Still, The Children Are Here

Still, The Children Are Here

Ever since Robert Flaherty's Nanook Of The North, documentarians have been drawn to remote communities where people live off the land and are bemused by the complexity of the modern world. For director Dinaz Stafford and her producer/mentor Mira Nair, that community is Sadolpara in the Meghalaya region of India, where the Garos have farmed rice in bamboo villages for six millennia. Stafford's documentary Still, The Children Are Here opens with an explanation of the title (it comes from a song insisting that even if everything falls apart, the future remains secure) and a snazzy opening-credits sequence, complete with catchy world-beat electronica. That's a lot of fireworks for an introductory section that's essentially a breakdown of grain genetics.

But then, that's a balance Still, The Children Are Here strikes throughout, and not always cleanly. Like Flaherty, Stafford relies on re-creations to get what her cameras missed the first time, which becomes starkly noticeable when she has a married couple commiserate about their recently dead child while lying in bed at night—a moment that no documentary would catch naturally. Stafford also structures the film a little awkwardly, as one long answer to a question one of the Garos asks early on, about how they can farm the same grain as their ancestors but make less money. Stafford's response exists in footage of men drinking, women complaining, gender roles stagnating, the industrialized world luring the village's young men for better-paying work, and some Garos succumbing to missionaries who make Christianity sound no different from ancient fables and superstitions.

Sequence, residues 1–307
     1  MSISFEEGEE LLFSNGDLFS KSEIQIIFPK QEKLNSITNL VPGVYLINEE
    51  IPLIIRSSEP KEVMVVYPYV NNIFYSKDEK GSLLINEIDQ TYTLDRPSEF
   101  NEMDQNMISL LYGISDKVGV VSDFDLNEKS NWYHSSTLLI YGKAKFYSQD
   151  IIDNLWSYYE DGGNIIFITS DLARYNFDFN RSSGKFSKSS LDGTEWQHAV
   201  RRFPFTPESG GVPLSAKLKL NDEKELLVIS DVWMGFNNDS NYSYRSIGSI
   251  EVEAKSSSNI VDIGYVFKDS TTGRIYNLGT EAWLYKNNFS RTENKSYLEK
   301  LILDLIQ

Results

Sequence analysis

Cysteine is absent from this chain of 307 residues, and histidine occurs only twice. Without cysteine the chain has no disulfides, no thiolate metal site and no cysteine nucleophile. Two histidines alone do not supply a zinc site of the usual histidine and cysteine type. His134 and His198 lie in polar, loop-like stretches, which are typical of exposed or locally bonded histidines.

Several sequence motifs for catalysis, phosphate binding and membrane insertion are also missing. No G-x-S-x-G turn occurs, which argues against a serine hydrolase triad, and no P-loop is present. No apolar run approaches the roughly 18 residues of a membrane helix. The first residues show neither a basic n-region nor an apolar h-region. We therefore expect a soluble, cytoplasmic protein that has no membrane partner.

When it comes to putting indigenous peoples' lives in a larger context, the new standard may be Thomas Balmes' underseen The Gospel According To The Papuans, which shows how the transformative power of religious conversion settles into one more damn thing to do before nightfall. By contrast, Still, The Children Are Here takes too broad an overview, and becomes a string of "Oh no, a way of life is vanishing" generalities. But when she's not subtly judging her subjects or converting their lives into reality television, Stafford slows down graciously for plaintive sequences of people at work. Like Flaherty's films, which were often more about processes than people, Still, The Children Are Here works best when it circles around the hows of life in a village with no electricity or sewage. Somehow the commonalities of human experience, from home design to recreation to moments of worry, become plainer once the distractions of choice are removed.

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